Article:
Secondly, in a passage which is destined to be frequently invoked by those defending A2P1 claims on behalf of public authorities, the Strasbourg Court gave a strikingly account of the concept of ‘respect’ as deployed in A2P1 and the margin of the appreciation enjoyed by member states in respect of that provision of the Convention [at §61]:

“…“respect” in Article 2 of Protocol No. 1 means more than “acknowledge” or “take into account”; in addition to a primarily negative undertaking, it implies some positive obligation on the part of the State…

Nevertheless, the requirements of the notion of “respect”, which appears also in Article 8 of the Convention, vary considerably from case to case, given the diversity of the practices followed and the situations obtaining in the Contracting States. As a result, the Contracting States enjoy a wide margin of appreciation in determining the steps to be taken to ensure compliance with the Convention with due regard to the needs and resources of the community and of individuals. In the context of Article 2 of Protocol No. 1 that concept implies in particular that this provision cannot be interpreted to mean that parents can require the State to provide a particular form of teaching”

Turning to the facts of the application, the ECtHR first noted that there was no evidence before it that the display of crucifixes in the classroom had any actual influence on pupils or impacted upon the formation of their religious or philosophical convictions [§66]. Secondly, it emphasised CoE member states’ margin of appreciation in regulating the school environment and the content of the curriculum, asserting in particular that there was no European consensus as to the proper role of religious symbols in State education [§§69-70 and 76]. Thirdly, it sought to distinguish the presence of what it characterised as ‘the essentially passive symbol’ of the crucifix in the classroom from the exposure of children to didactic and potentially proselytising indoctrination [§§71-74]. Fourthly, it relied on the fact that the evidence indicated that in practice the Italian state education system was pluralistic and allowed for exposure to, and expression of, a wide range of religious convictions and philosophies and that in any event Mrs Lautsi retained her right, both legally and in practice, to direct her children’s religious and/or philosophical development in line with her own convictions [§§74-75].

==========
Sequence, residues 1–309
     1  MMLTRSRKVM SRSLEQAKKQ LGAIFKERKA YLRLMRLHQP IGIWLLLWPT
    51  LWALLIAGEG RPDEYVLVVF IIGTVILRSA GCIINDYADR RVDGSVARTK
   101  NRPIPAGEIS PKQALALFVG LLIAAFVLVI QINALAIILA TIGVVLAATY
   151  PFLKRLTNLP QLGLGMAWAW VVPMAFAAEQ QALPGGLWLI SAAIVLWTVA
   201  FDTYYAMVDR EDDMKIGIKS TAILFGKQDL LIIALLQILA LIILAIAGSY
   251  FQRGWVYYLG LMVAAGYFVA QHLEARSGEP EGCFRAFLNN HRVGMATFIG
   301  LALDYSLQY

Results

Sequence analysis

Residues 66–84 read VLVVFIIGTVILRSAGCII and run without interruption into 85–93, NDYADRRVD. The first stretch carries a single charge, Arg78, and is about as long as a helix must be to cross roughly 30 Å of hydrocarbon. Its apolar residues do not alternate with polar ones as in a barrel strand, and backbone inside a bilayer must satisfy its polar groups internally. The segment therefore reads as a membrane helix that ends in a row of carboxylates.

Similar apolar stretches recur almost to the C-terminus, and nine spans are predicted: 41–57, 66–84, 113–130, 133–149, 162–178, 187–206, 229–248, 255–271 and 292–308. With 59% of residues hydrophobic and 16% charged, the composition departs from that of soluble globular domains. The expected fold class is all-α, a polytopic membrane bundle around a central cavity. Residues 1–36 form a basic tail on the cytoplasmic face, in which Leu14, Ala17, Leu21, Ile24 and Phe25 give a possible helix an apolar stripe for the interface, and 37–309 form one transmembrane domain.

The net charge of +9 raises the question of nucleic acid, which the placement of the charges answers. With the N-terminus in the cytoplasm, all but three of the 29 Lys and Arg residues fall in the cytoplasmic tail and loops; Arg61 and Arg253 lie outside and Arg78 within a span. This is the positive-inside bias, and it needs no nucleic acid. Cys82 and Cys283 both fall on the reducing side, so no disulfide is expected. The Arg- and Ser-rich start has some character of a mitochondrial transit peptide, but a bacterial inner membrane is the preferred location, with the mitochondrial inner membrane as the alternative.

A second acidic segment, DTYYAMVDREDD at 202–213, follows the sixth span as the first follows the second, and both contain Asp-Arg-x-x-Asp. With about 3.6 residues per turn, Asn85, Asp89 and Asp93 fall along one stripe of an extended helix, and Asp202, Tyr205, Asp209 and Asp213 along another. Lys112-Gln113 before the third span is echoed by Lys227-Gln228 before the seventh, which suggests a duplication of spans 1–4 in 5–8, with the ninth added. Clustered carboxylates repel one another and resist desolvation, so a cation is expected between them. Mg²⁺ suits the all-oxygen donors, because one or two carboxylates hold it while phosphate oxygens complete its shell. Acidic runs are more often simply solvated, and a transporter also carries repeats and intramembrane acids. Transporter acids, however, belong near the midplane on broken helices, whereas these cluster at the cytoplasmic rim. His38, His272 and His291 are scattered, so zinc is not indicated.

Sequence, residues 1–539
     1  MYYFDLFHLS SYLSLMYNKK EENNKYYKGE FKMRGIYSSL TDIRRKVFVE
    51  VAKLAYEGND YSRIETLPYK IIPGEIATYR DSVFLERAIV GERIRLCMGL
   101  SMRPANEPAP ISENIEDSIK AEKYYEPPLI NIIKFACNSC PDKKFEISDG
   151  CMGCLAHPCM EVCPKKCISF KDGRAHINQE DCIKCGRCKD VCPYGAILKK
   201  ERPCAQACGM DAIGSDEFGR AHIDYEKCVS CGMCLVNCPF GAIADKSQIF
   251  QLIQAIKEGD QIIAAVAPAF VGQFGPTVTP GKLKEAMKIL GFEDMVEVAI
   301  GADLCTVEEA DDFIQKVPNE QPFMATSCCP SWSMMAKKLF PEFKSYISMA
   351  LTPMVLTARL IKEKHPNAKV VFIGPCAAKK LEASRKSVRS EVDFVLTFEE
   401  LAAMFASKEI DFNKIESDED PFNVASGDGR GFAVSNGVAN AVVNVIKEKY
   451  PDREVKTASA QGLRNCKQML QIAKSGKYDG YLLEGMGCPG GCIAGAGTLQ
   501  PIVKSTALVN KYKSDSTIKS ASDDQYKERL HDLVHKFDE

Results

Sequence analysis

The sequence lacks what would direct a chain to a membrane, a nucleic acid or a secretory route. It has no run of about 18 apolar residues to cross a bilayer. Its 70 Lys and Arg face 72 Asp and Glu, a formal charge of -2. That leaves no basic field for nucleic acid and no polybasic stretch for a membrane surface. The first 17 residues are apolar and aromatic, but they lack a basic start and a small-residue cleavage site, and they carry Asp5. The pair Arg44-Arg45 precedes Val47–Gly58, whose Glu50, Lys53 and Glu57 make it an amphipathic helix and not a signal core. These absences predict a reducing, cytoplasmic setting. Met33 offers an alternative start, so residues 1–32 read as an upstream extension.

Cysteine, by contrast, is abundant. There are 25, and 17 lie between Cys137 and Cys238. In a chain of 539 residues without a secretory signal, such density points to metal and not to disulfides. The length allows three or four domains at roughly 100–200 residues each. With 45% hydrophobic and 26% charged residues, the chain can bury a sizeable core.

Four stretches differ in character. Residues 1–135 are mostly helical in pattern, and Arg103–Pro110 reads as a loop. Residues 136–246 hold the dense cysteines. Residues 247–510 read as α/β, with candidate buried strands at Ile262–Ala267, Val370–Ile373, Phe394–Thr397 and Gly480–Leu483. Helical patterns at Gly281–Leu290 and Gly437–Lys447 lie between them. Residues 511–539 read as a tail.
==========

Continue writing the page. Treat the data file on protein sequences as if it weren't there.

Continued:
The retiring, but not retiring concurrence of Judge Bonello

It would be remiss to offer any account of Lautsi without drawing the reader’s attention to the astonishing concurrence of Judge Giovanni Bonello. Judge Bonello (deservedly crowned the 2008 Johnnie Walker man of the year: http://www.timesofmalta.com/articles/view/20081020/local/giovanni-bonello-is-johnnie-walker-man-of-the-year), has now retired from the Court and is known to enjoy a colorful phrase. However, the decision of the Second Section of the Strasbourg Court, and the suggestion that the presence of the crucifix in state schools could be construed as a breach of the ECHR, spurred him to unprecedented rhetorical heights. Edited highlights of what is likely to be a valedictory address include the following: